Growing numbers of Britons exaggerated home claims in 2011

Data from AXA’s own claims department shows tens of thousands of customers have been ‘caught’ making exaggerated claims in the last couple of years. 

Last year, the company revealed that exaggerated claims added as much as £13 to every home insurance policy.
This year’s data suggests that as money continues to be tight, insurance is still seen as a soft target for making a bit of extra cash. In fact the research revealed that 12% of people would be more likely to consider making an exaggerated claim now than three years ago.  The data also revealed that only 45% of people consider an exaggerated claim to be dishonest.

London tops the list of places where people have exaggerated claims, not just by number but also by value.  The research also suggests that men are nearly twice as likely as women to have exaggerated a claim. As well as exaggerating claims, consumers were asked what other kinds of behaviour they considered to be dishonest when making a claim. 

* 58% considered it was not dishonest to neglect to mention previous claims
* 56% believed it was not dishonest to say windows/doors were shut or locked at the time of the theft when in fact they weren’t

* 48% felt it was okay to submit a receipt belonging to someone else in order to make a claim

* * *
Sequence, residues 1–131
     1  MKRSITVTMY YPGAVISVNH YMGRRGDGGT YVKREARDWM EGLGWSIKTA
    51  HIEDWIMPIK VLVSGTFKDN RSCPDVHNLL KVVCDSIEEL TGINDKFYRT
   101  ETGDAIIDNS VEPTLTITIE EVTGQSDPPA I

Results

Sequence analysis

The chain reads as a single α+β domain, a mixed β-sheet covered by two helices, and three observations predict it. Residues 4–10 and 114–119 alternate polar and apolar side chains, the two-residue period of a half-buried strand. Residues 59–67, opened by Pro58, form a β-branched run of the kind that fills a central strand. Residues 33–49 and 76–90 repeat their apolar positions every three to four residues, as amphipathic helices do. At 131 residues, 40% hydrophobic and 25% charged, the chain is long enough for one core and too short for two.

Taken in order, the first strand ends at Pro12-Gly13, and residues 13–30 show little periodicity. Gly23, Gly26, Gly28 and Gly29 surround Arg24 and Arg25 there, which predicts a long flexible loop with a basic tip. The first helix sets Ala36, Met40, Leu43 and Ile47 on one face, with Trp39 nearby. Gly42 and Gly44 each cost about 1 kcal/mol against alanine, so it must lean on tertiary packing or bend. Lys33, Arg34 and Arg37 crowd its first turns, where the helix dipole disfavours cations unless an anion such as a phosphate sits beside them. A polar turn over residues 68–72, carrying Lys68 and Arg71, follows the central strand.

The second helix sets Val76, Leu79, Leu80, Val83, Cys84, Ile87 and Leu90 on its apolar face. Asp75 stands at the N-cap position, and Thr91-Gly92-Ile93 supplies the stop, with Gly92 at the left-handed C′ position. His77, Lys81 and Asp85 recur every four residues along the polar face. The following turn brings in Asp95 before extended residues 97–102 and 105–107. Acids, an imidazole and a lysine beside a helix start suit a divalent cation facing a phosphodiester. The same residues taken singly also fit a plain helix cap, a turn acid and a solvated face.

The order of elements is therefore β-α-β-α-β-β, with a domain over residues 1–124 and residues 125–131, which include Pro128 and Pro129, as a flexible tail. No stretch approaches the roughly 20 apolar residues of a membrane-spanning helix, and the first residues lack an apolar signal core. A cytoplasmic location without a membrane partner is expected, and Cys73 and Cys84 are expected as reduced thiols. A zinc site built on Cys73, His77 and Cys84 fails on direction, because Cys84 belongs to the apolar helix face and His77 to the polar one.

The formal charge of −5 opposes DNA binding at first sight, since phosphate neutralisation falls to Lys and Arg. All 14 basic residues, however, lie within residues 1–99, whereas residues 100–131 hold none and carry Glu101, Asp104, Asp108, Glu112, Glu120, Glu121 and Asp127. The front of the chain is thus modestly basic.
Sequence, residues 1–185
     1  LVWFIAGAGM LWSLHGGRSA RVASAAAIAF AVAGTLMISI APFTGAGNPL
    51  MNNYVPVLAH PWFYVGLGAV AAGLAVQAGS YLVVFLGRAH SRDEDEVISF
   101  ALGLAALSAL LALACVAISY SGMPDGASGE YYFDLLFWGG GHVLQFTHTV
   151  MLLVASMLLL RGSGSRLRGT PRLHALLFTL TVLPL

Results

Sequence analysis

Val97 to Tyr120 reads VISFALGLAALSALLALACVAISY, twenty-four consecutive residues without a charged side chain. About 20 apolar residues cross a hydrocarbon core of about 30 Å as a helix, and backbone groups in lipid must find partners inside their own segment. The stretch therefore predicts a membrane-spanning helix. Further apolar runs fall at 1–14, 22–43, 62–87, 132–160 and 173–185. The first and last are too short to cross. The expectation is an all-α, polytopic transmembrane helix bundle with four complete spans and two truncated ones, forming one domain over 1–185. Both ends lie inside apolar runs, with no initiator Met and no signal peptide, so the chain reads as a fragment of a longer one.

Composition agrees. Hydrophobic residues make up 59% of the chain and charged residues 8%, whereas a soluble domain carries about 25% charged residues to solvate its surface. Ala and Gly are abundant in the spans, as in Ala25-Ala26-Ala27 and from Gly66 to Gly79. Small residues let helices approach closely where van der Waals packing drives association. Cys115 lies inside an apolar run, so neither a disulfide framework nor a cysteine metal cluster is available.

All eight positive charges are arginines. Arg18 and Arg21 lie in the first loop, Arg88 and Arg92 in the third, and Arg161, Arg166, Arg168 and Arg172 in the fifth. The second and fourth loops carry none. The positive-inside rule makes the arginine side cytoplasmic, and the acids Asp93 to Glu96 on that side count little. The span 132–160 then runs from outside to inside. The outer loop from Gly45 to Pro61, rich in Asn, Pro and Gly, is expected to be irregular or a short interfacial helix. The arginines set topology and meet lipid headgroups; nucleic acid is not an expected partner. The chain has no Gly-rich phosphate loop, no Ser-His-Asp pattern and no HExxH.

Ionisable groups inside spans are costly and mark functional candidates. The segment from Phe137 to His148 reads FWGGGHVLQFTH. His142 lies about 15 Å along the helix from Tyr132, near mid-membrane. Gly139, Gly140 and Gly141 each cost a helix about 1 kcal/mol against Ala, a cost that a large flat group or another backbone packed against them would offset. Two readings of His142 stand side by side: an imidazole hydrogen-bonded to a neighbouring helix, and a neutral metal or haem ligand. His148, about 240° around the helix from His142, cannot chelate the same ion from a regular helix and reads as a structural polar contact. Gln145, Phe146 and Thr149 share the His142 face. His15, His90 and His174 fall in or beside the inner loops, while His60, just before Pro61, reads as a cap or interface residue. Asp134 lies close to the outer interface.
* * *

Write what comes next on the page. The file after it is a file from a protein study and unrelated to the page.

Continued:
* 43% believed deliberately damaging an item to make a claim was not being dishonest 

Steve Gaywood, head of fraud at AXA insurance said:  "As an industry we are well aware that these things go on and we are introducing measures all the time to try and reduce the amount of fraud that occurs.  In the past year, AXA introduced CUE for home insurance and also have a team in place that is dedicated to reducing fraudulent activity. "Ultimately, if consumers get caught out they run the risk of having the whole claim turned down as well as facing problems getting insurance in the future.

"It is not a victimless crime, honest customers end up footing the bill through higher premiums as insurers pass on the additional costs of inflated claims."

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